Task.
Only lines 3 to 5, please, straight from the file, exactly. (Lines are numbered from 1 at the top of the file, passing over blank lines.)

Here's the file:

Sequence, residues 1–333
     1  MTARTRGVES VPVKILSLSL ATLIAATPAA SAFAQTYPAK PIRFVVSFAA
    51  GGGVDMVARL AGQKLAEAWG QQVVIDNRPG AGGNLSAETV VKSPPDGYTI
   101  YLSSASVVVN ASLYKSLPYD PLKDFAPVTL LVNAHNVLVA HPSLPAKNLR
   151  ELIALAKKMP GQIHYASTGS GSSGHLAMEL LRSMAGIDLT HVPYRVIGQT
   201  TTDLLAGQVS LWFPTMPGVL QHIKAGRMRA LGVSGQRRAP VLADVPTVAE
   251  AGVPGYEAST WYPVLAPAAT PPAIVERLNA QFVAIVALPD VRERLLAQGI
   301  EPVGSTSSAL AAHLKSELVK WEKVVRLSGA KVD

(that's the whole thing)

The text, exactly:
    51  GGGVDMVARL AGQKLAEAWG QQVVIDNRPG AGGNLSAETV VKSPPDGYTI
   101  YLSSASVVVN ASLYKSLPYD PLKDFAPVTL LVNAHNVLVA HPSLPAKNLR
   151  ELIALAKKMP GQIHYASTGS GSSGHLAMEL LRSMAGIDLT HVPYRVIGQT